Photojournalism: making an impact

The power of photography to shape public opinion is undisputed, yet budgets for photojournalism are being cut all over the world. Vision reflects on the reasons behind this

“Still photographs are the most powerful weapon in the world.” So said AP photojournalist Eddie Adams after winning the Pulitzer Prize for an image that gave the anti-Vietnam war movement in America fresh momentum.

Photographs are immediate. The amount of information they can convey in a few seconds can transform public opinion. They can damage or enhance reputations – witness the controversy over the recent Obama selfie – hasten the end (or the beginning) of a war and provoke governments to respond to humanitarian crises.

Occasionally these world-changing images come from amateurs, victims of catastrophe or even perpetrators of violence. One of Time magazine’s top 10 photographs of 2013 was the iPhone snapshot of a woman and her five grandchildren sheltering from Tasmanian wildfires under a jetty.

Much more often, they come from trained photojournalists, who have the resources, experience and bravery to venture into conflict zones and capture images that tell complicated, provocative stories.

So why is the photojournalism under threat? In November, to highlight the importance of the art form, the French newspaper Libération ran an entire issue with blank boxes in the place of images. “Photography takes the pulse of our world,” culture editor Brigitte Ollier wrote in a front-page editorial, saying of the issue: “Information is missing, as if we had become a mute newspaper.”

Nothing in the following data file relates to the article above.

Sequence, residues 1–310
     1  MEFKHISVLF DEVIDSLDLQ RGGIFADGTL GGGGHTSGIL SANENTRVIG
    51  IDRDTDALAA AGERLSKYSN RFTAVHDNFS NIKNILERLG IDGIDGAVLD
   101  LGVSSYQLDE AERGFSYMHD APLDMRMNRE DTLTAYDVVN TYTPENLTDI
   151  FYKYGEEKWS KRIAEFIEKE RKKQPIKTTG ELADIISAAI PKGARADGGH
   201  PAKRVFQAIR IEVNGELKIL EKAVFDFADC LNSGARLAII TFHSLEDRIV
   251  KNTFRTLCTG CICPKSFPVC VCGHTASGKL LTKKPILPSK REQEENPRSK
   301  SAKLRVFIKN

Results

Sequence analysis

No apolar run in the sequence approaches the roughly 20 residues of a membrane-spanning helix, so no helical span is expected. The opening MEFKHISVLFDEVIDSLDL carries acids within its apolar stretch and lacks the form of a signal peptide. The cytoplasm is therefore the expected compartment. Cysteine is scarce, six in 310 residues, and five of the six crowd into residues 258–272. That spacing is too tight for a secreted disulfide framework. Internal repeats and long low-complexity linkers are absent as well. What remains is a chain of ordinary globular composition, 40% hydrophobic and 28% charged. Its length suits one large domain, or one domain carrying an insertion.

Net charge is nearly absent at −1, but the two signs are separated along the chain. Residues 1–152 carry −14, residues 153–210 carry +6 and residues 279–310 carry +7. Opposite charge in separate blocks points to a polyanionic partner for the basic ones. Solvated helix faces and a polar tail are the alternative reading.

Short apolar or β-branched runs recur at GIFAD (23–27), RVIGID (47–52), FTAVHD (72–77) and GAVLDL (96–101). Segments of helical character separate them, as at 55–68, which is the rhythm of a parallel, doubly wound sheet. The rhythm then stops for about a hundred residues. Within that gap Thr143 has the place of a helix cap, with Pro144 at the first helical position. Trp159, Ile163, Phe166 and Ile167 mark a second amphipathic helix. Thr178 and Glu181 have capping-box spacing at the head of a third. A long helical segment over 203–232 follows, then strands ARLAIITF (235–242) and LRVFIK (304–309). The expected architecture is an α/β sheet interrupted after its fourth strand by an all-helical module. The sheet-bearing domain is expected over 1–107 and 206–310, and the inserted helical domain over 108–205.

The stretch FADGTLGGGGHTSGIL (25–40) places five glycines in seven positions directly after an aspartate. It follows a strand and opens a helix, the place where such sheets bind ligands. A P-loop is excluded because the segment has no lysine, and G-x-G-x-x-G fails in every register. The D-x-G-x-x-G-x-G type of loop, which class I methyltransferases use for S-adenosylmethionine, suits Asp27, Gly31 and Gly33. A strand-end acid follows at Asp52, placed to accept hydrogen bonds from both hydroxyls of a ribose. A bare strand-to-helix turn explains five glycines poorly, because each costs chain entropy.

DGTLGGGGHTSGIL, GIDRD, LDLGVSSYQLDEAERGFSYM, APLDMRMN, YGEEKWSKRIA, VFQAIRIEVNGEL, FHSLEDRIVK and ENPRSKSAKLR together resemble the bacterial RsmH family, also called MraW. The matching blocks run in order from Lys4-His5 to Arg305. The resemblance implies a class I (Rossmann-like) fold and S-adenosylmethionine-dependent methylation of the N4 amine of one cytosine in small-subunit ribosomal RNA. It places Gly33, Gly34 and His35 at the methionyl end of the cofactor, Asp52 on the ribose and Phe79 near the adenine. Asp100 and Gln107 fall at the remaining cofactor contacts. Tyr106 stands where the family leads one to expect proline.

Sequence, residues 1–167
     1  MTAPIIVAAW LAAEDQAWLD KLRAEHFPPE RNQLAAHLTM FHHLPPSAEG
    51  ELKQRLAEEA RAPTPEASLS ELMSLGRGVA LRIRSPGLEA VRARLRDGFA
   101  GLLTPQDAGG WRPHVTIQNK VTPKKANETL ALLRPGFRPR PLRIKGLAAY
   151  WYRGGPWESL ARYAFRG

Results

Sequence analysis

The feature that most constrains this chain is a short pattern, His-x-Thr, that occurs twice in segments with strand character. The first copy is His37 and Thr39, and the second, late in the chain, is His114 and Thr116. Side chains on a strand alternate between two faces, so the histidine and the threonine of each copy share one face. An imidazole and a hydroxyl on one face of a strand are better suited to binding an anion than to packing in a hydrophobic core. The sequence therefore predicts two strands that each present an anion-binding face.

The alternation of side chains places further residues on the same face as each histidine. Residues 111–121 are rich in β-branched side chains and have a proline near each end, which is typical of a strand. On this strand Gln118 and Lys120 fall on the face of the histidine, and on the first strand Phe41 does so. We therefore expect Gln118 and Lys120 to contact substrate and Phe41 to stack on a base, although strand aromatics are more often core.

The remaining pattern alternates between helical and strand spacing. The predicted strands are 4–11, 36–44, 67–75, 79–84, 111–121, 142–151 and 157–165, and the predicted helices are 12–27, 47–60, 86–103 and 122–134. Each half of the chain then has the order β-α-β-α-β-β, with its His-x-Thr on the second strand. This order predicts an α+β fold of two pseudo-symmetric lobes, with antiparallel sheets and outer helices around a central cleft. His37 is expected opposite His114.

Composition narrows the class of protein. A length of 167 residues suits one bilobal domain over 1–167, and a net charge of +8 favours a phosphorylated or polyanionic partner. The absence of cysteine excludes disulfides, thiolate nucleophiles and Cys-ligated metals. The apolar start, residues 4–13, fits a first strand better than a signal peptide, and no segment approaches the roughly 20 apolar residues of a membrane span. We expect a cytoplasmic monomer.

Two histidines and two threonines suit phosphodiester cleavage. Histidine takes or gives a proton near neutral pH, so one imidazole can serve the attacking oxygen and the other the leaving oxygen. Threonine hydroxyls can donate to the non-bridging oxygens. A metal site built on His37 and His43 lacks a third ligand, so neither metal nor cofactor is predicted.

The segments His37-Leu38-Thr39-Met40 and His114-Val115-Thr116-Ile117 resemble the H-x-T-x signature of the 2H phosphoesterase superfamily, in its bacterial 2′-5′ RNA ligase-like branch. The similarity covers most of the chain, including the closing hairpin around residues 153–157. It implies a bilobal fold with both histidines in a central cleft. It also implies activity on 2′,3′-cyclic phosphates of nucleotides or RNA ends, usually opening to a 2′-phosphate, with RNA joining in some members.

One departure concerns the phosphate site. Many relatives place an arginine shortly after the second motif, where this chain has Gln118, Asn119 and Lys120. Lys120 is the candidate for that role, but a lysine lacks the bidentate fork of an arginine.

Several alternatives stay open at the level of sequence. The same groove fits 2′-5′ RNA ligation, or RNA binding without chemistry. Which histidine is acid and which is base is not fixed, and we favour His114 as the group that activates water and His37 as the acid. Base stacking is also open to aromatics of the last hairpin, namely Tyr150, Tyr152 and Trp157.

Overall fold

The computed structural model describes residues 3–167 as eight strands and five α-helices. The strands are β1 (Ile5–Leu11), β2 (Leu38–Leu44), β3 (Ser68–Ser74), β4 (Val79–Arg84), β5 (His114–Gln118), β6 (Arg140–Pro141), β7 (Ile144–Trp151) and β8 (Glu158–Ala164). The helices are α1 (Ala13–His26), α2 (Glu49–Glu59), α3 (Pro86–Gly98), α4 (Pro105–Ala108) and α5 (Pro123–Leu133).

Timed to coincide with Paris Photo held at the Grande Palais, the edition drew attention to a wave of pay cuts and staff reductions among photojournalists around the world. The same month, the Pew Research Center announced that the number of U.S. journalists had decreased by 43 per cent between 2000 and 2012 – a bigger decline than any other type of journalism.

Advances in digital photography and the growing capacity of smartphones to take high-quality images has meant that reporters armed with iPhones and ordinary bystanders can often be the first to take a snapshot of a historical event. Relying on these pictures is cheaper than paying staff photographers, and the dwindling ad revenue supporting the traditional print media has led to a culture of cost-cutting.

With growing numbers getting their news via Twitter and Facebook, taking the first picture can become more important than taking the best picture, but haunting photographs like Robert Capa’s close-up shots of the D-Day landings or Dorothea Lange’s portrait of a migrant mother during America’s Great Depression endure and colour our sense of history. Without a new generation of talented working photographers to replace them, we’ll all be worse off.